It’s imperative that treatment decisions only be made by a dentist who is acting in the best interest of his or her patients and is not subject to the bottom line of a corporate manager.
AS lawmakers and advocates in Olympia debate over the role of corporate dentistry in our state, the Washington State Dental Association continues to support legislation that prioritizes patient safety over profit. By clarifying and strengthening existing state and federal law, we would continue to put patients first and avoid the risks created by corporate interests, which prioritize profits over patient care.
Advocates for corporate dentistry claim they support choice and competition. That is not always the case. State and federal laws are in place to protect patients against bad actors, to make dentists accountable for patient care, and to ensure appropriate guidance for patients as consumers of dental services. Current law allows dentists to retain dental-support organizations for administrative services and ensures clinical decisions about patient care are by a dentist and a patient.
Some corporate management agreements in other states determine what materials are used or how much time a dentist can spend with a patient. They also can affect infection controls, such as the protocols that determine whether a disposable item is reused instead of being replaced. Other contracts tie management compensation to services and numbers of customers served, in violation of state and federal anti-kickback and rebating laws.
Corporate agreements are lucrative: It takes $30 million in revenue to be a member of the Association of Dental Support Organizations, the chief lobbying entity for corporate dentistry. That’s why it is imperative that treatment decisions only be made by a dentist who is acting in the best interest of his or her patients and is not subject to the bottom line of a corporate manager.
The drumbeat of patient complaints and lawsuits challenging corporate practices has been prolific. In 2013, the U.S. Senate Finance and Judiciary committees issued a joint staff report on corporate dentistry. The report documented disturbing Medicaid system abuse under the cover of expanding access to care. In Washington state, a corporate practice in Vancouver was issued a cease-and-desist order by the U.S. Department of Health for unlicensed practice that led to the abandonment of hundreds of patients. Alarmingly, regulators have had difficulty obtaining and receiving contracts between dentists and corporate entities — raising a red flag for patient protections.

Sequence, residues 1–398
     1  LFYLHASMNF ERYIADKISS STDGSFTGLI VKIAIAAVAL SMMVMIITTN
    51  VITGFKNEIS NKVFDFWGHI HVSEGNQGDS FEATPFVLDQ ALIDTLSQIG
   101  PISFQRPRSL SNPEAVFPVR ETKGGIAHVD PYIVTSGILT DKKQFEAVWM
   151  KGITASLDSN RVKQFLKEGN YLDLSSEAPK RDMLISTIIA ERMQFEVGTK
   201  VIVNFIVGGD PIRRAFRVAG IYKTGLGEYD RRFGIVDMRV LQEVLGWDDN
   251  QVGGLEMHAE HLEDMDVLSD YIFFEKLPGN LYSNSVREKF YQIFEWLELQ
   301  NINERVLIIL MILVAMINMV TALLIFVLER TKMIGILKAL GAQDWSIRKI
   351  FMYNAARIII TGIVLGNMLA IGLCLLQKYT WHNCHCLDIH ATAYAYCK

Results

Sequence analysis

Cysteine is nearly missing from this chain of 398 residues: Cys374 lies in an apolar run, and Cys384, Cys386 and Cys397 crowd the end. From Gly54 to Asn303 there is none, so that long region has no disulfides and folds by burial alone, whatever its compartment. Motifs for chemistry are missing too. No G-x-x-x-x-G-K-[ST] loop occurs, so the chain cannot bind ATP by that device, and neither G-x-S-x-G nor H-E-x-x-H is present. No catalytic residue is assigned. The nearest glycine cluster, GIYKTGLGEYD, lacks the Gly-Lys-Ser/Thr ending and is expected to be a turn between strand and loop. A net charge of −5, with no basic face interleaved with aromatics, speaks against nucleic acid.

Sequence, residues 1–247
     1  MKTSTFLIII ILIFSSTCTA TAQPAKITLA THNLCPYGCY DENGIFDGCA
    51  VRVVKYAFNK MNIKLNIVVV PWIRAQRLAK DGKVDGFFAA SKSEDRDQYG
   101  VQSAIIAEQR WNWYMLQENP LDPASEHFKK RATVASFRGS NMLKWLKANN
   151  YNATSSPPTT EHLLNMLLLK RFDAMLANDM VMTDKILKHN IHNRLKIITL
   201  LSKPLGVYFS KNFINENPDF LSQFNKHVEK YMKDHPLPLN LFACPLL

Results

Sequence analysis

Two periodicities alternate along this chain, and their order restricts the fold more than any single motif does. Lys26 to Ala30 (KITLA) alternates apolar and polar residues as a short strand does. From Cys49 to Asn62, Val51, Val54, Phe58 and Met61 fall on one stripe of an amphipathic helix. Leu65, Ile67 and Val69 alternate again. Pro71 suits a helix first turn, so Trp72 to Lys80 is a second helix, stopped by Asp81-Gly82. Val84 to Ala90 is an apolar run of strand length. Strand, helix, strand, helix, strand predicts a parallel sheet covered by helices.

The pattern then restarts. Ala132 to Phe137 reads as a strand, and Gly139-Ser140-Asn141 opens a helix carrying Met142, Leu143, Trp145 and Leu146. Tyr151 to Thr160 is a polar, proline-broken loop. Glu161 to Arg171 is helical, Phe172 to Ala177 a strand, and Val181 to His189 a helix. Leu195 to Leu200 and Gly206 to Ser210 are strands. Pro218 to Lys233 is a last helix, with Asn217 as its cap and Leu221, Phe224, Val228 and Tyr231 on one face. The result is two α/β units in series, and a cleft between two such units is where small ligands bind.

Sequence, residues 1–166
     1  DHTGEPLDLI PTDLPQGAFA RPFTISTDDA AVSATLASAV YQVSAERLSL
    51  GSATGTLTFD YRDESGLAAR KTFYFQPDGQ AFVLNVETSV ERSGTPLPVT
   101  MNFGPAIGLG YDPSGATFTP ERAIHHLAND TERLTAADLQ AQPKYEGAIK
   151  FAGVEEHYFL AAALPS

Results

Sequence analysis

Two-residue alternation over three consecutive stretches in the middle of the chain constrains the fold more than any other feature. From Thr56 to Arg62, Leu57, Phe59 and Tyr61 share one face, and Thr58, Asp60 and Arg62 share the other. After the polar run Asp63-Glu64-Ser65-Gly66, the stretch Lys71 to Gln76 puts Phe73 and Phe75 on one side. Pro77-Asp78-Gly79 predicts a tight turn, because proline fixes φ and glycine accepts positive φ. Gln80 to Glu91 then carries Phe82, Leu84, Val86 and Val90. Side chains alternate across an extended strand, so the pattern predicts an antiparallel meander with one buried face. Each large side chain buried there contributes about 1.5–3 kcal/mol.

In health care, high-quality patient care is the greatest measure of success in a competitive environment. Allies of corporate dentistry offer lucrative contracts that can explicitly prey on new dentists’ need to rapidly pay off student loans. Addressing student debt and prioritizing patient care should never be placed in opposition to each other.
Instead of playing on student debt fears, proponents for corporate dentistry could enrich dental training by helping to grow the Regional Initiatives in Dental Education program, which trains dental students in rural communities. Another way to support new dentists is to invest in the clinic proposed for south Puget Sound, which would serve 10,000 patients annually and expand opportunities to strengthen new dentists’ skills while providing high-quality care. Our state should also build on its track record of success increasing access to care for kids by increasing Medicaid reimbursement rates for adults.
The dental safety net for low-income adults is broken. That is why for years dentists have worked to strengthen successful programs and enhance others that connect patients with high-quality care, ensure availability of those who support dentists in nonclinical decisions, and, above all, continue dentistry that prioritizes the patient’s best interest over profits.